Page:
Paris Gay History and Art Tour

Everybody knows that Paris is a fantastic city to visit, with fascinating historic neighborhoods, amazing museums, fabulous shopping, and of course spectacular food. But many people seem not to realize that Paris is also one of the greatest cities of gay history. But so it is: I think Paris has so many other great sides that people almost overlook this one.  France was the first modern country to decriminalize homosexuality—in 1798, almost 2 centuries before the US. And from that time on, it was a relatively free city for gay life, and gay themes appeared more and more openly in French culture. This is why there are so many great gay writers in French literature, including names like Proust, Cocteau, and Colette. It is also why so many gay writers from English-speaking countries spent large parts of their lives there, including Oscar Wilde, Gertrude Stein, and James Baldwin. And it’s why Out Professionals and Oscar Wilde Tours have chosen to launch our collaboration with a Paris gay history and art tour.

Gay Palaces

Louis XIV's Gay Brother--Paris Gay History and Art
“Monsieur,” Louis XIV’s Gay Brother

In fact, gay history is a great theme to follow around Paris, a good theme to organize a short visit around—or at least, another fun thing to add into the mix of interests that guide you around the city (along with the search for the best baguette, for instance). There are lots of places where you can follow gay history’s trail. Across from the Louvre, for instance, the Palais-Royal has a lot of gay history. Among other things, it was the Paris residence of Louis XIV’s gay (or perhaps bi) and gender-bending younger brother Philippe I, Duc d’Orléans (generally known simply as ‘Monsieur’); it is also here that Colette lived for the last 2 decades of her life and produced her most interesting writing about lesbians (The Pure and the Impure) as well as her best book on her other favorite theme, courtesans, Gigi.

But there are two places in Paris that, in my view, make for the richest gay history experience: the Louvre museum and Père Lachaise cemetery. Both are of course fabulous for many reasons, but both are also overwhelming, and (as at the Met in New York) following gay themes gives you a nice way to organize a visit, taking you to some of the most important sights and also a few less known but interesting ones.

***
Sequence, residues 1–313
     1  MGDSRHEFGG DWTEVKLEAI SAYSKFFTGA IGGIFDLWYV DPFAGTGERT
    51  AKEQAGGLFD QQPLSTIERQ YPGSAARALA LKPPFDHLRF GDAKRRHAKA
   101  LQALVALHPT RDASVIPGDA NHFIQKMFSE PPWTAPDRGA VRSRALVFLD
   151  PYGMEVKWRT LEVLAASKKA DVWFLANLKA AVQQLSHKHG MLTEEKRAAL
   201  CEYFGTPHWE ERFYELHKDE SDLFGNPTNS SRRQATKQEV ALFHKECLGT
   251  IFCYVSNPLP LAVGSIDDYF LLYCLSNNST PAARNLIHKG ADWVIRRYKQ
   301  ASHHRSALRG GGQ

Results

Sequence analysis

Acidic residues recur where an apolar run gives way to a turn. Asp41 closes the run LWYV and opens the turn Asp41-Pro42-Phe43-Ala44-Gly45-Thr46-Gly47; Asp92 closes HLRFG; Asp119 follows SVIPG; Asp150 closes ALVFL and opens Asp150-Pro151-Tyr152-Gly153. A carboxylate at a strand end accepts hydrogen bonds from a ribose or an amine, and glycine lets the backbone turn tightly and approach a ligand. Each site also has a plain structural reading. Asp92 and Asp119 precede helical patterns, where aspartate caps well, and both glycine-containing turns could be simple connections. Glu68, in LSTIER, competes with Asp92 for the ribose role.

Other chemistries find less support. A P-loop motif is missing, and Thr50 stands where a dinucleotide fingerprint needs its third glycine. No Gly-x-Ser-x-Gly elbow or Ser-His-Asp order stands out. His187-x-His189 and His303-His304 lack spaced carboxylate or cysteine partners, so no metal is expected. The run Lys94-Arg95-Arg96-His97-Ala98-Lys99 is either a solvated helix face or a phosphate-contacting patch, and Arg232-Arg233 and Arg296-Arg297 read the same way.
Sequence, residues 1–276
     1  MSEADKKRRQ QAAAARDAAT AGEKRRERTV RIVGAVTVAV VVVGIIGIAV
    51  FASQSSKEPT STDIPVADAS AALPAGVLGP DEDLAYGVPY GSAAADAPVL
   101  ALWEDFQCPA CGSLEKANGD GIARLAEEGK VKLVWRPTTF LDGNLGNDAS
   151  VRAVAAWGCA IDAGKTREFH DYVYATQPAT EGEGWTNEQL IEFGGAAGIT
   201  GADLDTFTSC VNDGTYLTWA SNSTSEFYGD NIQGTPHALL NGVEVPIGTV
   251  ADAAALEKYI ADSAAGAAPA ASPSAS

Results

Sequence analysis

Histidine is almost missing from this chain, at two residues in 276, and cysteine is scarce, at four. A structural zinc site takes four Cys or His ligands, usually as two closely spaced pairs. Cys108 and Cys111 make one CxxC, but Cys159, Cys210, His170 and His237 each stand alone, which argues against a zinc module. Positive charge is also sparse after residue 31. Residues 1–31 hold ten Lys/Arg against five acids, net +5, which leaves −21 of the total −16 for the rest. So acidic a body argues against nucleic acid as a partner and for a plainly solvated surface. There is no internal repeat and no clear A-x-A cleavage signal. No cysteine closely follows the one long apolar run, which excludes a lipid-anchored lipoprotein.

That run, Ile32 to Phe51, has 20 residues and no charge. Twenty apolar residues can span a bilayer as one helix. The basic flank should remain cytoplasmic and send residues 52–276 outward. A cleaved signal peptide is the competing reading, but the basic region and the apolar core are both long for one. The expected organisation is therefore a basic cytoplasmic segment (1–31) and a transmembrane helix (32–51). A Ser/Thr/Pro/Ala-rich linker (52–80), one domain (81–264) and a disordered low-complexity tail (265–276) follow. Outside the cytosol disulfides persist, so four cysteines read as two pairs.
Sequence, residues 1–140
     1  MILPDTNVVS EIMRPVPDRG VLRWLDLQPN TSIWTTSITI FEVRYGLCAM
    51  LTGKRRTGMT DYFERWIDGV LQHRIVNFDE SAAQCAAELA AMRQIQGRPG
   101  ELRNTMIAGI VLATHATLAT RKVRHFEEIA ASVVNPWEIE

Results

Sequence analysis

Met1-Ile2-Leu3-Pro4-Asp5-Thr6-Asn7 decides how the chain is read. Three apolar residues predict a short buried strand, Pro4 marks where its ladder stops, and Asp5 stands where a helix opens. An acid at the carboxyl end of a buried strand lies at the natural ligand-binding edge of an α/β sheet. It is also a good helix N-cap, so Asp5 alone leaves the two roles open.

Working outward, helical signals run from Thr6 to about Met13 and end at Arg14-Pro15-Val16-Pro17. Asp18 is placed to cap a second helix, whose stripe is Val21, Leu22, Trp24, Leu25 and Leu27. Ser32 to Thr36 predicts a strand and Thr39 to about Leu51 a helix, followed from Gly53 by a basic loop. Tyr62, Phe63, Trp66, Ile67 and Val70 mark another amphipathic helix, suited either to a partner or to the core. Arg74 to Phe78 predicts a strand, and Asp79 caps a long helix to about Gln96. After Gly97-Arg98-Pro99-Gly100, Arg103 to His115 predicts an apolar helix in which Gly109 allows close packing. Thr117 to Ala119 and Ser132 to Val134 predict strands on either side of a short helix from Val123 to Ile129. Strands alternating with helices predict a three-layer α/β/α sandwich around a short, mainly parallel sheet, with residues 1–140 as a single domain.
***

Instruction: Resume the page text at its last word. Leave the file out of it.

Gay Tombs

Cambacérès's tomb--Paris Gay History and Art
Cambacérès’s tomb at Père Lachaise cemetery

I suppose I should say a few extra words about Père Lachaise, because it’s a little out of the way, and many people don’t get there until they’ve been in Paris a number of times. But it really shouldn’t be missed. First of all, it is a very charming old cemetery and has wonderful views of Paris (because a large part of it is on a hill). It also contains the graves of an amazing variety of people. Whatever you’re interested in, you can find people that matter to you at Père Lachaise. For opera queens, for instance, there are the graves of Rossini, Bellini, and Maria Callas (also Edith Piaf!). But gay history is really prominent, as Oscar Wilde is probably the cemetery’s most famous denizen (aside from Jim Morrison?).  And it is also quite well-known that Gertrude Stein and Alice Toklas’ joint tomb is there. But there is plenty more, including Proust and Colette, also Rosa Bonheur—whom people who have taken my tour of the Met will recognize—and many more. Just as one example: Jean-Jacques Régis de Cambacérès. There’s a name I imagine none of my readers will know, but he’s an important man. He is to some extent the father of gay liberation. Cambacérès was a gay aristocrat who survived the Revolution and became second consul under Napoleon. He was one of the key authors of the Code Napoléon—the law code that forms the basis for French law today as well as law in many other European countries—and it is generally believed that he is responsible for the fact that the Code followed the Revolutionary law code in leaving out homosexuality, while many others wanted laws against sodomy to be reintroduced.